Law Office of Tim Powers
As a highly regarded Denton County DWI Defense attorney, I invariably get
asked "Well, how do I beat the breath test machine?" I always
respond, "Don't worry about beating the Breath test machine.
Worry about it beating you."
What I mean by this is that the machine can over-report your true Blood
Alcohol Content. In other words, the alcohol in your veins can be less
(sometimes very significantly less) than what the "magic" machine
reports. These inaccuracies happen much more often than you might suspect.
First and foremost,
the Breath Test doesn't actually test how much you have to drink. These machines are not specific to alcohol. But beyond that even if it
was specific only to ethyl alcohol to the exclusion of everything else,
there are still so many variables that make us all different, and make
the machine far from accurate, precise and reliable. It is specifically
set to test the "average person". Well, in the history of the
world, the "average" person is dead, female and Chinese. Not
a lot of dead people on trial. So trying to test based on the "average",
There are many physiological factors that can cause the Breath machine
to beat you.
- long exhalation time into analyzer
- test made during the absorption phase of the blood alcohol curve when arterial
venous difference in concentration of alcohol is greatest
- presence of mouth alcohol when breath sample was analyzed
- re-breathing of the first exhalation a number of times before analysis
- breath holding or hypoventilation before sampling breath
- elevated body temperature; hyperthermia
- non-specific method of analysis and presence of interfering substance
- Partition ratio
In the United States, all breath testing devices are set in a specific
way. They depend on the assumption that the ratio between alcohol in the
exhaled breath in deep lung air and alcohol in the blood is 1 to 2100.
This ratio is called the "Partition Ratio". To be very precise,
the theory that the machine is based on is that the same weight of alcohol
will be present in one cubic centimeter of pulmonary (lung) blood as in
2.1 liters of deep lung breath. However, these same exact machines in
other countries have the partition ratio differently configured. For example
in England, it is based upon a 1 to 2300 ratio.
Why does that matter? Well, the machine is designed to produce a reading
based on that assumption. So if the assumption is wrong. The reading will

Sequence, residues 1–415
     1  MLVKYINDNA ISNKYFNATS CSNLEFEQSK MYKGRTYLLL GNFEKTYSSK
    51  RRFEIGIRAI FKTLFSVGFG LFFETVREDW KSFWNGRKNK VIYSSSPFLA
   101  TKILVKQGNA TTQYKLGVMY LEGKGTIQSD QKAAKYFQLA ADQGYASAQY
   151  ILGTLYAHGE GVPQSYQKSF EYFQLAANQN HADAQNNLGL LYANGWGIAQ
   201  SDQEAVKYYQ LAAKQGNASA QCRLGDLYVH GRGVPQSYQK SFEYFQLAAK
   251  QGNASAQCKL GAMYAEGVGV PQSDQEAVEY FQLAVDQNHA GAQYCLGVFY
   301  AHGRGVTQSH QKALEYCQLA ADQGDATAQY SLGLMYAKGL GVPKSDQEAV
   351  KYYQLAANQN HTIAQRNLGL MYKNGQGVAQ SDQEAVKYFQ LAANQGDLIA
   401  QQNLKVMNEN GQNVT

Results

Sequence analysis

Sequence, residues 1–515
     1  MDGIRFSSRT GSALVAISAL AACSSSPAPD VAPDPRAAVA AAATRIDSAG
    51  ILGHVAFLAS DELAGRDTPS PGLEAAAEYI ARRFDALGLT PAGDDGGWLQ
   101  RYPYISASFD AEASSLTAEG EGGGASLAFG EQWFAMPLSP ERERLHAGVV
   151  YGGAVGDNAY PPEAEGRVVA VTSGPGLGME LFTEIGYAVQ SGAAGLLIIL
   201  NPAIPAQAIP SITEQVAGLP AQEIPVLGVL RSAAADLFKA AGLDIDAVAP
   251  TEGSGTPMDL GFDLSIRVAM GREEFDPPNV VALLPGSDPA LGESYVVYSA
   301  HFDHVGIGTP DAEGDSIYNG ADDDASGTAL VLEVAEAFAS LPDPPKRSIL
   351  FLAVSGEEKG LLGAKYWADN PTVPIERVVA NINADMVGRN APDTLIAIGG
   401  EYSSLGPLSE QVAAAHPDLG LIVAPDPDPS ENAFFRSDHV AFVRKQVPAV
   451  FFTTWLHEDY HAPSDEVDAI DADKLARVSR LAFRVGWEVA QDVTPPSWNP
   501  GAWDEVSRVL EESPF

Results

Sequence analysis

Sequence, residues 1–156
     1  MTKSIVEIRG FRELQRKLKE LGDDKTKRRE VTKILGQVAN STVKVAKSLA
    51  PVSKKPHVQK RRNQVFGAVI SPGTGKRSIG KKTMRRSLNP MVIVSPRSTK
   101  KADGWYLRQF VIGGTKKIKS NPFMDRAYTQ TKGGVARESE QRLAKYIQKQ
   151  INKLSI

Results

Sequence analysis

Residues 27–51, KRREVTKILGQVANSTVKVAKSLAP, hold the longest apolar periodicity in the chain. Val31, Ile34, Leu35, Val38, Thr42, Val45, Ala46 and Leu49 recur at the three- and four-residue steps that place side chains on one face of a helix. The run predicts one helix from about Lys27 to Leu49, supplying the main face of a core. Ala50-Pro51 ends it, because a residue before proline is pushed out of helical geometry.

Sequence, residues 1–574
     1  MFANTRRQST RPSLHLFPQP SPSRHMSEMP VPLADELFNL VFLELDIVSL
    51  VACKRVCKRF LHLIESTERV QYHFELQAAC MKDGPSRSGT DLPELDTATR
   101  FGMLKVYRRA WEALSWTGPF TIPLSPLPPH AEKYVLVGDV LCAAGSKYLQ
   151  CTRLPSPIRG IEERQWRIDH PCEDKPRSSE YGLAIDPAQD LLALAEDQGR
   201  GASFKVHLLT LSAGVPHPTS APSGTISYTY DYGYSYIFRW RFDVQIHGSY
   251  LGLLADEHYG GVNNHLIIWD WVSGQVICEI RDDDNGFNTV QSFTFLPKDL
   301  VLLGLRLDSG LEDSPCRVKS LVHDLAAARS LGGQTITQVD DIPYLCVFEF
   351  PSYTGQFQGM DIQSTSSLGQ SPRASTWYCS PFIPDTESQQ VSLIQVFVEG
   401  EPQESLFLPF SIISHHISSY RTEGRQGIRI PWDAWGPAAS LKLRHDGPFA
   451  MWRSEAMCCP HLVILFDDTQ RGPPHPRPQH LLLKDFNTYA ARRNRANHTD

be wrong every time. The truthfulness of the reading rises and falls on
this one key ratio. Everyone is different. Stated more directly, not everyone
has the same partition ratio. Not everyone is 1 to 2100. The actual ratio
in any given individual can vary from less than 1:1300 to more than 1:3000.
In fact, some peer reviewed research suggests that a person is not born
with one set ratio and it can change over one's lifetime.
Additionally, 4 states have moved away from the Intoxylizer 5000 —
the machine used by Denton County and Texas because they have found vase
inaccuracies with the results as well as a failure of the manufactures
to provide the source code to the state for verification of reliability.
This is the machine that cany judge your future and possibly take away
To make sense if all of this let's look at some real-world numbers.
Suppose that the machine says that you have a 0.09 reading and you have
a partition ration of 1:1700, your true Blood Alcohol Content (BAC) would
be below the legal limit of 0.08. Suppose the machine reads that you have
a 0.10 reading and you have a partition ration of 1:1500, your true BAC
would be 0.07.
So in essence, the machine has beat you.
Don't leave your Denton County, Denton, Lewisville, Flower Mound, Corinth
or Highland Village DWI defense to chance.
If you are seeking aggressive criminal representation by an experienced
criminal defense attorney for your Denton County DWI case or arrest in
Denton County, contact the offices of Tim Powers today. There is no charge
or obligation for the initial consultation. 940.580.2899.
*Tim Powers is an attorney licensed to practice law by the Supreme Court
of Texas. Nothing in this article is intended to be legal advice. For
legal advice about any specific legal question you should directly consult